If you are looking for an affordable and enjoyable hobby for the whole family, bird-watching might be right for you. Bird-watching works for the very active and the not so active (I fall into the latter category). All you need to start is a pair of binoculars (cheap ones will work as starters) pen and paper (to record all your great sightings), a good field guide and a love for nature. While aching knees or backs will eventually force your friends to hang up their skis or running shoes, birders can bird for as long as they can walk, roll, or look out a window (I’m genuinely excited to impress my roommates at whatever nursing home I eventually get put into). When I’m feeling very energetic I head for the woods or the river for a long walk, but most often it’s a tall glass of iced tea watching the bird feeders from my deck chair! This year my favorite sightings included a pileated woodpecker (Woody Woodpecker), a Ruby-throated hummingbird, and a Baltimore Oriole.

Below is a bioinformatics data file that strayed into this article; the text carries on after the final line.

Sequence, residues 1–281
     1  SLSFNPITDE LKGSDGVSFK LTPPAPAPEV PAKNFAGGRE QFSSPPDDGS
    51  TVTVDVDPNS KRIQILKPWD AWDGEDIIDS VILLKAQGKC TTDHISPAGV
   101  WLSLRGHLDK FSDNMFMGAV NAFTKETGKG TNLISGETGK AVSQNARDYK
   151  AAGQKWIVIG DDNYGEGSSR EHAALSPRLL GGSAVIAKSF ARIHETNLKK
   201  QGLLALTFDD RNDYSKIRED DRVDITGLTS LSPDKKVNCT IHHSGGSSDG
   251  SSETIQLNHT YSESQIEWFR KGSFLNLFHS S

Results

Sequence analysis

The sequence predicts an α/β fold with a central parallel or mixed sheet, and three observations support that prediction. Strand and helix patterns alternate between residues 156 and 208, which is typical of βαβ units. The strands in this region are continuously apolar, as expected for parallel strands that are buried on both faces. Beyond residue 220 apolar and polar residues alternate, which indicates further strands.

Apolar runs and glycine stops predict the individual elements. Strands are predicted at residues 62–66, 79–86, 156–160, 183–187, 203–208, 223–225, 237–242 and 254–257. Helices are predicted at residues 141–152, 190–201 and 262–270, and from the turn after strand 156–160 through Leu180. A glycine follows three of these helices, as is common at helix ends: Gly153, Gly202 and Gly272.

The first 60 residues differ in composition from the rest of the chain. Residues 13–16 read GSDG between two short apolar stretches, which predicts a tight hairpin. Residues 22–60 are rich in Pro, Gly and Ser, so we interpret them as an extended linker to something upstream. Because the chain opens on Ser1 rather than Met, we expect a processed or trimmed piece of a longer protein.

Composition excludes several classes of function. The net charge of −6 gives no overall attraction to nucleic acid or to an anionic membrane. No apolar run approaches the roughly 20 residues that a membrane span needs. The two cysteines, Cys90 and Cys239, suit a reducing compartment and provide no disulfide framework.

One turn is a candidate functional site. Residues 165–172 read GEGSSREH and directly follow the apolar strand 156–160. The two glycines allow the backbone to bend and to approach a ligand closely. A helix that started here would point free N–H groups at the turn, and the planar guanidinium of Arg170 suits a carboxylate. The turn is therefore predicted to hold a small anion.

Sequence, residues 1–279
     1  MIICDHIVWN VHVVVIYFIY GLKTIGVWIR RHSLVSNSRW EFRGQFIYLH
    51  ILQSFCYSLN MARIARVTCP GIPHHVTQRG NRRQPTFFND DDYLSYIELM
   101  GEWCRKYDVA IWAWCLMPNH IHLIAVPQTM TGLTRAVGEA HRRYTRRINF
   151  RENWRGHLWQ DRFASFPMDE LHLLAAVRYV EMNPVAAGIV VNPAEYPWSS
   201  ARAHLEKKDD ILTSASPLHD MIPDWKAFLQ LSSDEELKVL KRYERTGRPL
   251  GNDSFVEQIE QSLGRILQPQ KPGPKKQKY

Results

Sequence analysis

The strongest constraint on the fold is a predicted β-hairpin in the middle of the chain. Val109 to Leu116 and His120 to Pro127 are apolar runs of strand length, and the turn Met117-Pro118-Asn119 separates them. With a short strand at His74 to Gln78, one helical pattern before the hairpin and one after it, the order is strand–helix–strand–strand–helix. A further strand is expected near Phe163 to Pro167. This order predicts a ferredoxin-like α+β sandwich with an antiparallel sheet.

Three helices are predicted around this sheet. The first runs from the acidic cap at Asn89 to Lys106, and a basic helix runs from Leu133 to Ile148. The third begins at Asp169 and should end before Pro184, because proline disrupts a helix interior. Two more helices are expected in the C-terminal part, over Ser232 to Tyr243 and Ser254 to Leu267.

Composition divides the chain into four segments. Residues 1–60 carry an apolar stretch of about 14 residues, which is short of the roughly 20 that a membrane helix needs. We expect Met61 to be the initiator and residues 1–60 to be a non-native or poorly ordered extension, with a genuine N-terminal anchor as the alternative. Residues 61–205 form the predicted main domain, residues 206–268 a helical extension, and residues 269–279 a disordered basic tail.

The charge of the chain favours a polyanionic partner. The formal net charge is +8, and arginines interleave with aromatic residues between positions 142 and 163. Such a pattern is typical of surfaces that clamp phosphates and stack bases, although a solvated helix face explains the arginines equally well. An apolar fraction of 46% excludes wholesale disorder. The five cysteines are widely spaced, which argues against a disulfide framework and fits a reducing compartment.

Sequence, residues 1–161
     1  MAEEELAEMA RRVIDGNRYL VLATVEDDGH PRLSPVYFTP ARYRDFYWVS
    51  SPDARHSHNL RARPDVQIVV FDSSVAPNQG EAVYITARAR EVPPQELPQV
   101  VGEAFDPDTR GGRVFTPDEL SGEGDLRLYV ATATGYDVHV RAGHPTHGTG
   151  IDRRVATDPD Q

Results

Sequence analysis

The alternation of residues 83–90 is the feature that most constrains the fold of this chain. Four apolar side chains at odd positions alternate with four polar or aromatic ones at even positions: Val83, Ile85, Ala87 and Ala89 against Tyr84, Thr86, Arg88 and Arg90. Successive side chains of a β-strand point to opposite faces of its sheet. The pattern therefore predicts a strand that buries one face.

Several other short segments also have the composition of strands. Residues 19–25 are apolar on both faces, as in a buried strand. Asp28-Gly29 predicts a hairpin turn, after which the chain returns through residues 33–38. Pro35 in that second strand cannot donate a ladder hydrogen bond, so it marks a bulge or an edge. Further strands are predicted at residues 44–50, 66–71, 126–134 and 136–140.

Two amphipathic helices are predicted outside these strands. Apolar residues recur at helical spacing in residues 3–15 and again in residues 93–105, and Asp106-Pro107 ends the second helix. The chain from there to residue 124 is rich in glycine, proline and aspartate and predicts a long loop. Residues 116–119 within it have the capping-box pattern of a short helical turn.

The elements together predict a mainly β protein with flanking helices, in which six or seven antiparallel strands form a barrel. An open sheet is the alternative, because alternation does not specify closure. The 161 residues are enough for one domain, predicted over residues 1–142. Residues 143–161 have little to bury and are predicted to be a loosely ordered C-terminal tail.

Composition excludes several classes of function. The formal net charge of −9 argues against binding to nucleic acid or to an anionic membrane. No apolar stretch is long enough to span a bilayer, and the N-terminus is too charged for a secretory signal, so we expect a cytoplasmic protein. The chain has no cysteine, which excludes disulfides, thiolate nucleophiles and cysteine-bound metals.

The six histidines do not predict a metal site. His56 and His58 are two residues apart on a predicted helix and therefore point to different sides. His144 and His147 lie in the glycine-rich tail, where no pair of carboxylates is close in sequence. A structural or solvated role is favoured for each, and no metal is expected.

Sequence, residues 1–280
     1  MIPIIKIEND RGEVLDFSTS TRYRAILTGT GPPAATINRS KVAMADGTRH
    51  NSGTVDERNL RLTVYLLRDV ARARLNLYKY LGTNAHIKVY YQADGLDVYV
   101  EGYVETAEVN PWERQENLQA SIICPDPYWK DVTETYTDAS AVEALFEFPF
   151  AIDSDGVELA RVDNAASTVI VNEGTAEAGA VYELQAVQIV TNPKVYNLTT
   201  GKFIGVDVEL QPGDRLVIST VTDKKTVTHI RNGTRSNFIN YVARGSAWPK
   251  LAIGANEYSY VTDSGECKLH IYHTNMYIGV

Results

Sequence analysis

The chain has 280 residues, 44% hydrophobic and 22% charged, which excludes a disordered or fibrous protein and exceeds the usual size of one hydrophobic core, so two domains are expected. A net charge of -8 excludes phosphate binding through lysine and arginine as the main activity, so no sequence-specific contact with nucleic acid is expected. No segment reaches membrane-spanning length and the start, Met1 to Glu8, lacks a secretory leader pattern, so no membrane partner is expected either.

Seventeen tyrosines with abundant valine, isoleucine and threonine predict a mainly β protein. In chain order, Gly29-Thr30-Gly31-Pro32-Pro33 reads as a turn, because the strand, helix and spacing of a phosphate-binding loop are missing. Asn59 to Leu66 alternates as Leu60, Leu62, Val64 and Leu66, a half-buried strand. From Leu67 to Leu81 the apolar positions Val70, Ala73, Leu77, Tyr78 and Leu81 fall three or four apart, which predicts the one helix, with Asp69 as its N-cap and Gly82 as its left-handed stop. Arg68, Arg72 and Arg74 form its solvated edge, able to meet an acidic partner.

A great website for information is http://www.audubon.org/birding/. The Library offers many resources on birds, including;
Winter, Spring , Summer or Fall, you can “bird” in them all, so consider catching the bird-watching bug, we can compare sightings and maybe we’ll have that elusive Big Year.